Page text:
Dundee is leading the way in providing attractive pedestrianised areas, according to those behind the revamp of the city’s Union Street.
Unesco City of Design Dundee led an almost 10-hour paint job this week on the busy city centre street, which was last month shut to vehicles.
Callum Laird, a recent graduate of Duncan of Jordanstone College of Art and Design, designed a colourful zebra crossing-style mural, which was then painted alongside other elements by 10 artists.
It was co-designed with businesses and residents, and a mural was one of the main ideas put forward by the public.
Head of the project, Annie Marrs, lead officer for Unesco City of Design, said it is important Dundee lives up to its billing as a forward-thinking city.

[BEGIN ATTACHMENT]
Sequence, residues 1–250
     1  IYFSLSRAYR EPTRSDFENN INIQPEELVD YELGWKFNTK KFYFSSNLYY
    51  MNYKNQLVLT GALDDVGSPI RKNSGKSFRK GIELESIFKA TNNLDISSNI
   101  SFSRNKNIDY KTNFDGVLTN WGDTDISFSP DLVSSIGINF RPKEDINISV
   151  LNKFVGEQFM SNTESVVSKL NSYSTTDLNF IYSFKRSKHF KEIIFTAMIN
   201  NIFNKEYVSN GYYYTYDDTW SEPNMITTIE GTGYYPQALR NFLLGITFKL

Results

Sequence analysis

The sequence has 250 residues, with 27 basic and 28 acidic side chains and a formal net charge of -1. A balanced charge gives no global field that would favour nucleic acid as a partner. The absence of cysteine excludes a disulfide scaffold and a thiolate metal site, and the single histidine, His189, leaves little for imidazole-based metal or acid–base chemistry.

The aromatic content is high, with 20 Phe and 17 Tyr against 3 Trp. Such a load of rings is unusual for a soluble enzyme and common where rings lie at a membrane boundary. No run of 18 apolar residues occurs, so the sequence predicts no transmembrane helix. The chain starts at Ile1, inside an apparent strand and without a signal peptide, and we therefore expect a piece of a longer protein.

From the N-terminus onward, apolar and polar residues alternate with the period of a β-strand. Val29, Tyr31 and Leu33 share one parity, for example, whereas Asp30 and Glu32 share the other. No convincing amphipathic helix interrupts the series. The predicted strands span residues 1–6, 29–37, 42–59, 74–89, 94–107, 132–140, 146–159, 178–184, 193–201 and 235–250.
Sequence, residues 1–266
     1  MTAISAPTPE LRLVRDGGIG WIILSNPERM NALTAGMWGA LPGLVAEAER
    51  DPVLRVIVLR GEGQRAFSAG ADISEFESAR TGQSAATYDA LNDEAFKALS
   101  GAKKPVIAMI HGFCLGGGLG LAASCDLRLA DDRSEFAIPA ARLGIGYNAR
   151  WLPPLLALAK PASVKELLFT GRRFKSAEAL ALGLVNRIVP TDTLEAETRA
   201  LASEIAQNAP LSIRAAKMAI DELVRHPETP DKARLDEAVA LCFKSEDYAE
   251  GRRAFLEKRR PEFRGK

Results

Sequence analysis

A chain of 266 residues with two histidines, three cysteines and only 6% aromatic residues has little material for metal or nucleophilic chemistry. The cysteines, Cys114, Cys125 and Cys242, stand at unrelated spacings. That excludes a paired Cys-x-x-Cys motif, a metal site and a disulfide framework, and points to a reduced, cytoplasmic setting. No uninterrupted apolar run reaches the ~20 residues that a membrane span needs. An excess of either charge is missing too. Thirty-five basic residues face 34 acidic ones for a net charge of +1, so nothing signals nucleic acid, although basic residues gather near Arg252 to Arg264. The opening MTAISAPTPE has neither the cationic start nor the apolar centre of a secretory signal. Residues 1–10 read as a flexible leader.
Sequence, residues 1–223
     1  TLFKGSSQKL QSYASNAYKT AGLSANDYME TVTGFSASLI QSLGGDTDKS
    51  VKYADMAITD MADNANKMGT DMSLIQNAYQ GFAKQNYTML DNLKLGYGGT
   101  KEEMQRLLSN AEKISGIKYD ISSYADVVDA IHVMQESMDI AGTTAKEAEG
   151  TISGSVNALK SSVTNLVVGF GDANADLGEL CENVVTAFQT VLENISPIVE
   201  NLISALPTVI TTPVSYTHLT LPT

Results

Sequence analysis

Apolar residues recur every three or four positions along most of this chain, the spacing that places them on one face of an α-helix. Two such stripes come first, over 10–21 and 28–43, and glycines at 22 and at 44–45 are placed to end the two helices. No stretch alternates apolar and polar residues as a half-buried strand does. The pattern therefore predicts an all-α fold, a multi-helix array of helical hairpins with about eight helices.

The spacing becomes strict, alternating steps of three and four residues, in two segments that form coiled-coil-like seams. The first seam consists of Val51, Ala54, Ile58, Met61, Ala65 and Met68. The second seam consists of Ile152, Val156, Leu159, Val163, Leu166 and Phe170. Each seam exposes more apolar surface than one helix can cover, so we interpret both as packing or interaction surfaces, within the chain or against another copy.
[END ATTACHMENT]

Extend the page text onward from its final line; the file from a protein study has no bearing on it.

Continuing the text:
She said: “Other areas have pedestrianised areas but, being the UK’s first and only Unesco City of Design, we thought we could do it better.
“We say all the time that we believe in good design but we need to talk the talk and deliver it on the streets.
“It was already a successful street because it links V&A Dundee and the train station with the centre.
“It’s a temporary measure but the changes so far seem to be hugely popular.”
Union Street was shut to traffic in July with planters installed and cafes and bars making use of the increased space by installing outside seating.
Traffic is banned between 11am-4pm with only deliveries allowed outwith this time.
The changes are being funded by Spaces for People through Sustrans Scotland, in partnership with Dundee City Council.
The idea behind the street painting is that it encourages people to explore the area by walking on the road and discourages traffic in the already restricted zone.
The painting was led by Leila Kalbassi, a scenic artist supported by a mix of local artists, students and recent graduates.
The paint is temporary – lasting about four to six weeks – and eco-friendly.